Old growth forests are those where the average age of dominant canopy trees exceeds half the mean pathological age of the species, as well as those that have not had significant human intervention (some light cutting or road building might be acceptable). - Robert R. Bryan, Forest Ecologist, Maine Audubon

An old-growth forest is a forest ecosystem where the dominant trees largely exceed the biological maturity age of the species concerned taking into account its specific environment and its geographical location. The temporal dynamic of these forests is characterised by the coexistence of living trees, senescent trees and standing dead trees as well as the presence of fallen dead trees, lying on the ground, showing different decomposition levels. Those forests show little or no evidence of human disturbance. - Canadian Forest Service

Old growth forests must be defined for each forest type, such as temperate rain forest, boreal forest, tropical rain forest, and any other major forest type. Scientists are now recognizing that within these broad forest types, there is enormous variability and that further definition is required. The definition of old growth in any kind of forest is constantly evolving as scientists get a clearer understanding of the many variables that make up any forest system. There is an excellent publication that describes the challenges in defining old growth. It's called "New Findings about Old-Growth Forests," and is a Science Update from the Pacific Northwest Research Station (Issue 4, June 2003). - Susan Hammond, Executive Director, Silva Forest Foundation


LISTENING STUDY: Some responses reference lack of human disturbance as a qualifying characteristic of "old growth."

Greenpeace supports the Taiga Rescue Network (TRN) definition, whereby the term old-growth forest can be applied to an area in which no forestry activities have been conducted since 1960, if the area in question measures at least ten hectares and contains at least ten cubic meters per hectare of the decomposing wood that is so vital to many animal species. It is almost impossible to find any dead trees in planted forest areas. - Oliver Salge 2003

Forests in the last stage of successional development after a long period without significant disturbance. They are generally characterized by multiple canopy layers, variety in tree sizes and species, decadent old trees, standing and dead woody material, and abundant ground-level decomposition. - Northern Forest Alliance 1999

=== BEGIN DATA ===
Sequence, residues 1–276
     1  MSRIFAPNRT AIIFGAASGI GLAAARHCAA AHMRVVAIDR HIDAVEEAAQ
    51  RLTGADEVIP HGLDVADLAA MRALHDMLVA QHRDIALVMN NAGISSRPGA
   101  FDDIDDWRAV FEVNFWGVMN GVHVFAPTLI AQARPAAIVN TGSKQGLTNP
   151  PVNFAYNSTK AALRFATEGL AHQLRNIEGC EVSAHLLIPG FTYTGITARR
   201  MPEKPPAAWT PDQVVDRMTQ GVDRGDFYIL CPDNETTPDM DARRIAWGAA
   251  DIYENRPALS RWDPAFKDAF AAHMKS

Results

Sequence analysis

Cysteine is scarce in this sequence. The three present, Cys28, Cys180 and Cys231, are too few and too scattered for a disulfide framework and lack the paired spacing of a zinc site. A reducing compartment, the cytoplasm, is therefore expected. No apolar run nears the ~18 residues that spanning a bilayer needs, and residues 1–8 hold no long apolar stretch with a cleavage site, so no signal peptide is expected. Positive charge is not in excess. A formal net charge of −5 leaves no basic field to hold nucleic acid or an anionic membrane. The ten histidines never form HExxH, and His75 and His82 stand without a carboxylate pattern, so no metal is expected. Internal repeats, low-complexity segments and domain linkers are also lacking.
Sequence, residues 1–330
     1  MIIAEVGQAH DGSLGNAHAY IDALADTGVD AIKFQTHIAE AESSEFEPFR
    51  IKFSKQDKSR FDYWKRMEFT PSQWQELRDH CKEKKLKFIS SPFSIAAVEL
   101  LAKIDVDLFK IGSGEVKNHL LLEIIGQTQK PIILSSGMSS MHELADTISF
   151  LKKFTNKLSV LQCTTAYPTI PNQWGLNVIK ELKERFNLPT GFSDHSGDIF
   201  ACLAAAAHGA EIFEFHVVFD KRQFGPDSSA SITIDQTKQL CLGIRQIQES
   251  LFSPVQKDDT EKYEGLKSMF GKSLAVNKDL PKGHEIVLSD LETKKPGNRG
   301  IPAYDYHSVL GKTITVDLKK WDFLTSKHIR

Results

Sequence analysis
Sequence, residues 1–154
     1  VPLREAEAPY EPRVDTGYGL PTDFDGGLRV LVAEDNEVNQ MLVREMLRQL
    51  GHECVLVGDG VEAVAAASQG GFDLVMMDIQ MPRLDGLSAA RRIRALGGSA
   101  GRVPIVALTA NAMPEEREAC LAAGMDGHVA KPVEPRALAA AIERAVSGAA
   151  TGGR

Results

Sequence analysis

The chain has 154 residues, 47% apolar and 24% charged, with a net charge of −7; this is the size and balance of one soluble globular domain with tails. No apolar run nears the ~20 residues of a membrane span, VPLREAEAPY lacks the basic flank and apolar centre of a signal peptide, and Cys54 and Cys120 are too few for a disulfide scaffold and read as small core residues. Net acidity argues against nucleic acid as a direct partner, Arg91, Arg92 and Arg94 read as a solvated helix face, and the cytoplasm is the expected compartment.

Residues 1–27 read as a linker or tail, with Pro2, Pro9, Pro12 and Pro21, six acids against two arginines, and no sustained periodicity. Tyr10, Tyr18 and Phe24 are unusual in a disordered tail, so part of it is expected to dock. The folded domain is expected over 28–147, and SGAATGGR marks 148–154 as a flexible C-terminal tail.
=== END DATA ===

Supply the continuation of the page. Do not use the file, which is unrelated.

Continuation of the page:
Forest that is ecologically mature and has been subjected to negligible unnatural disturbance such as logging, mining, roading and clearing. The definition focuses on structural diversity and includes forest in which the upper stratum or overstorey is in the mature and late mature stage, and regrowth more than 120 years old produced through natural processes, ie. Wildfire or windstorm. - Native Forest Network

Perhaps the only definition of old growth that works in the context of papermaking is: Forests that have not been extensively disturbed by industrial logging in the past 150 years. - Susan Hammond, Executive Director, Silva Forest Foundation


LISTENING STUDY: Some responses reference various ecological and structural features of forests that would indicate their status as "old growth."

A community with dominant trees at or near biological maturity. The age and structure of an old-growth community varies with species and site. Old-growth stands are sometimes characterized by a multi-layered, uneven age and size class structure; a high degree of compositional and structural patchiness and heterogeneity; and significant amounts of woody debris and tip-up mounds. - United States Forest Service

Old growth is best identified by certain features of the forest. These features include increased size of trees, large standing dead trees, fallen trees, buried wood in various states of decay, thick forest floor, tree lichens and a high diversity of fungi, etc. These features all contribute to a more complicated forest structure than the earlier successional stages of the forest, and this results in a higher diversity of plants and animals. - Rainforest Action Network